People just can’t seem to help it. Not even the Pope can avoid it. It? Offending Muslims and fomenting violence. Even though, superficially, the problem is at the latter point, the real issue is the former.
Who has “unleashed a torrent of rage”? Whose “provocation” could leave “even deeper scars”? Whose “derogatory” comments were an attempt to “revive the mentality of the crusades,” someone who belongs in the same category as Hitler and Mussolini? If you guessed, “The Islamic terrorists who are firebombing Orthodox[!] and Anglican[!] churches,” you’d be wrong. It’s the Pope, of course.
Nevermind that “his” comments weren’t his, but the comments of a Byzantine emperor in a debate with a Muslim. Nevermind that he was not approving or agreeing with the comments on violence, since his talk was on God and reason. Nevermind that the current violence and rumors of violence seem to bear out “his” comments (which, again, were not his comments). Nevermind all that. Say you’re sorry and we won’t assasinate you when you come to Turkey! (We’re a peaceful religion. Until the next time you make us mad.) Which explains (or not) the irrationality of the following comments by the Sunni Iraqi Islamic Party:
“The world today needs all religious authorities to cooperate to curb the phenomenon of violence,” it said. “We urge all Christian religious authorities in both the Arab and Western world not to be involved in the confrontation against the Islamic world as it could lead to Muslim-Christian violence, God forbid.”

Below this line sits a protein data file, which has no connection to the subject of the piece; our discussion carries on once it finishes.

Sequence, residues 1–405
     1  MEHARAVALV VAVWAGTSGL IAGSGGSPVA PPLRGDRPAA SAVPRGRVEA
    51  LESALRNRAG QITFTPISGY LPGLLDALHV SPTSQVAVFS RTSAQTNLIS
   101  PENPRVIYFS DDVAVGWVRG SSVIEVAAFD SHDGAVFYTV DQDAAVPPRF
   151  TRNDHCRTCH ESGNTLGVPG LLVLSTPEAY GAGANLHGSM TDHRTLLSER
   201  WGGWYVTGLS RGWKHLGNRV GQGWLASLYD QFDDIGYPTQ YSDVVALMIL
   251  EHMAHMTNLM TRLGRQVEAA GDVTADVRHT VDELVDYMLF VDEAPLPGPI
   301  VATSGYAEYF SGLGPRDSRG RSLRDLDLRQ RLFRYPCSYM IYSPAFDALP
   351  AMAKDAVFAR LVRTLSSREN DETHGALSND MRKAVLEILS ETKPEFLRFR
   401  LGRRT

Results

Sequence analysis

Shall we parse that? How about, first of all, cooperating to curb the “phenomenon of violence” of your own people? Who is the instigator of violence, the one who speaks or the one who firebombs? Surely they can’t really mean “Muslim and Christian violence”? When was the last time someone firebombed a mosque because Muslim clerics were preaching hatred of Christianity? Who is trying to revive the mentality of the Crusades, again? God forbid, indeed. (We’ll just have to check on which “God” forbids firebombing of those with whom you disagree.)
The real question is not why Muslims firebombed churches, but why don’t the Orthodox, psychologists, sociologists, and evolutionists blow up the Vatican, all of whom were addressed in a more or less negative way in the talk? Perhaps the Pope’s speech on rational behavior and its association with godliness has more to do with the outcome of his remarks than just a few quoted lines.